Tōfuku-ji is a Buddhist temple in Higashiyama-ku in Kyoto, Japan. Tōfuku-ji takes its name from two temples in Nara, Tōdai-ji and Kōfuku-ji. It is one of the so-called Kyoto Gozan or "five great Zen temples of Kyoto". Its honorary sangō prefix is Enichi-san.HistoryTōfuku-ji was founded in 1236 by the imperial chancellor Kujō Michiie. He appointed the monk Enni as founding priest, who had studied Rinzai Zen Buddhism in China under the monk Wuzhun Shifan. The temple was burned but rebuilt in the 15th century according to original plans. Tofuku-ji was one of the five temples of the Five Mountain System.AbbotsIn 1486 Ryōan Keigo became the 171st abbot of Tōfuku-ji. At the end of the 16th century Ankokuji Ekei was appointed abbot. From 1980 to 2009 Tōfuku-ji has been led by head abbot Keidō Fukushima.
is a Buddhist temple in Higashiyama District of Kyoto, Japan. Officially known as "Rengeō-in" (蓮華王院), or Hall of the Lotus King, Sanjūsangen-dō belongs to and is run by the Myoho-in temple, a part of the Tendai school of Buddhism. The temple name literally means Hall with thirty three spaces between columns, describing the architecture of the long main hall of the temple.HistoryTaira no Kiyomori completed the temple under order of Emperor Go-Shirakawa in 1164. The temple complex suffered a fire in 1249 and only the main hall was rebuilt in 1266. In January, the temple has an event known as the Rite of the Willow (柳枝のお加持), where worshippers are touched on the head with a sacred willow branch to cure and prevent headaches. A popular archery tournament known as the Tōshiya (通し矢) has also been held here, beside the West veranda, since the Edo period. The duel between the famous warrior Miyamoto Musashi and Yoshioka Denshichirō, leader of the Yoshioka-ryū, is popularly believed to have been fought just outside Sanjūsangen-dō in 1604.Important featuresThe main deity of the temple is Sahasrabhuja-arya-avalokiteśvara or the Thousand Armed Kannon. The statue of the main deity was created by the Kamakura sculptor Tankei and is a National Treasure of Japan. The temple also contains one thousand life-size statues of the Thousand Armed Kannon which stand on both the right and left sides of the main statue in 10 rows and 50 columns. Of these, 124 statues are from the original temple, rescued from the fire of 1249, while the remaining 876 statues were constructed in the 13th century. The statues are made of Japanese cypress clad in gold leaf. Around the 1000 Kannon statues stand 28 statues of guardian deities. There are also two famous statues of Fūjin and Raijin.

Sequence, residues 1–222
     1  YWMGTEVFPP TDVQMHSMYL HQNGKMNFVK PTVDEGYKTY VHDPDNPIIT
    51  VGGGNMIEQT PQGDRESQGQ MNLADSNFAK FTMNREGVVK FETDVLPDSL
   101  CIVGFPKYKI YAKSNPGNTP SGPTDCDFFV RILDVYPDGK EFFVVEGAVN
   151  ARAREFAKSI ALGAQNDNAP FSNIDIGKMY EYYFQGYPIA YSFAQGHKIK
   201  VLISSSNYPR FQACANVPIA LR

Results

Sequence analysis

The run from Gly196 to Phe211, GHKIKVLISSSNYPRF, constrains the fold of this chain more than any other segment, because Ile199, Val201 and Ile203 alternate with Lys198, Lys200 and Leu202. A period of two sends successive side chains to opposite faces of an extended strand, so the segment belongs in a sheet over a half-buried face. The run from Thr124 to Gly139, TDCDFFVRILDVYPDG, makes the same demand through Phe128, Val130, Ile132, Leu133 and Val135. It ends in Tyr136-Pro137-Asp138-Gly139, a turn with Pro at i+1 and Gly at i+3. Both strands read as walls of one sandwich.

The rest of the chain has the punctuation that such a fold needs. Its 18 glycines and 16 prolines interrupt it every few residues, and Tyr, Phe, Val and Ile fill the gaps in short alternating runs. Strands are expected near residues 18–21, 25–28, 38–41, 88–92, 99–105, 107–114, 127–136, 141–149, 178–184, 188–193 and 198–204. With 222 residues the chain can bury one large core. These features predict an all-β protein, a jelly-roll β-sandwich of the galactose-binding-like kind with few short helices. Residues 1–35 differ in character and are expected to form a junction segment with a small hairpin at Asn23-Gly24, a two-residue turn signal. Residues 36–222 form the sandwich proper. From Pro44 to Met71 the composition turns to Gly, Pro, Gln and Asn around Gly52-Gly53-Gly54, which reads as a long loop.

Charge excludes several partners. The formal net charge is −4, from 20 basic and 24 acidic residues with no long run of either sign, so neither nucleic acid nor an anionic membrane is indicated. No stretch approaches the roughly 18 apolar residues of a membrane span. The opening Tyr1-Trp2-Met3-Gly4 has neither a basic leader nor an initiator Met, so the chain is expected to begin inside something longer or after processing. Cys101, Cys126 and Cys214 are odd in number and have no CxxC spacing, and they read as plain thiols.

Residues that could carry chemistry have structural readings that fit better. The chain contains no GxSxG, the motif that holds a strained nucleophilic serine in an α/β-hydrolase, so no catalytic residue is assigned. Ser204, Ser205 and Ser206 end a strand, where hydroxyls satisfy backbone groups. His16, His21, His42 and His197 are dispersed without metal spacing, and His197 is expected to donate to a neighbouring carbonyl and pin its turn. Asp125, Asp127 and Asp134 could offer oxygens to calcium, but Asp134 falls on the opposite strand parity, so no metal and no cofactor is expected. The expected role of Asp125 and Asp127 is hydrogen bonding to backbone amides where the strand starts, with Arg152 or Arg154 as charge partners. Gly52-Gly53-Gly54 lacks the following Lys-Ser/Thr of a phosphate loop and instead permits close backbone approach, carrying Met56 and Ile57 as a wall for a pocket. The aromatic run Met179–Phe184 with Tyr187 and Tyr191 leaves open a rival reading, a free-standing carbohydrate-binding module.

Sennyū-ji, formerly written as, is a Buddhist temple in Higashiyama-ku in Kyoto, Japan. For centuries, Sennyū-ji was a mortuary temple for aristocrats and the imperial house. Located here are the official tombs of Emperor Shijō and many of the emperors who came after him.HistorySennyū-ji was founded in the early Heian period. The origin of this temple, which is commonly called Mitera or Mi-dera, can be traced back to the Tenchō era (824-834) when the priest Kūkai established a small temple in this location. That modest structure and community were initially known as Hōrin-ji. The major buildings in Sennyū-ji was very much reconstructed and enlarged in the early 13th century.Tsukinowa no misasagi Emperor Go-Horikawa and Emperor Shijō were the first to be enshrined in an Imperial mausoleum at Sennyū-ji. It was called Tsukinowa no misasagi.Go-Momozono is also enshrined in Tsukinowa no misasagi along with his immediate Imperial predecessors since Emperor Go-Mizunoo -- Meishō, Go-Kōmyō, Go-Sai, Reigen, Higashiyama, Nakamikado, Sakuramachi, Momozono and Go-Sakuramachi.
Tōfukuji Station 距離: 0.2 mi詳しくは 東山区本町12丁目224番地 Kyoto-shi, Kyoto 605-0981
Tōfukuji Station is a railway station located in Higashiyama-ku, Kyoto, Kyoto Prefecture, Japan.LinesKeihan Electric RailwayKeihan Main LineNara LineHistoryThe station opened on April 15, 1910, when the operation of the Keihan Main Line started. The track of the Nara Line (originally the old route of the Tōkaidō Main Line) ran next to the station, but the station on the JNR line was not made until December 27, 1957. The Nara Line station on the single track line had only one platform and no passing loop until the second platform was completed in July 1994.The Nara Line was double-tracked in March 2001.StatisticsThe Keihan station was used by 14,442 passengers per day in 2012. The JR West station was used by 16,055 passengers per day in fiscal 2012.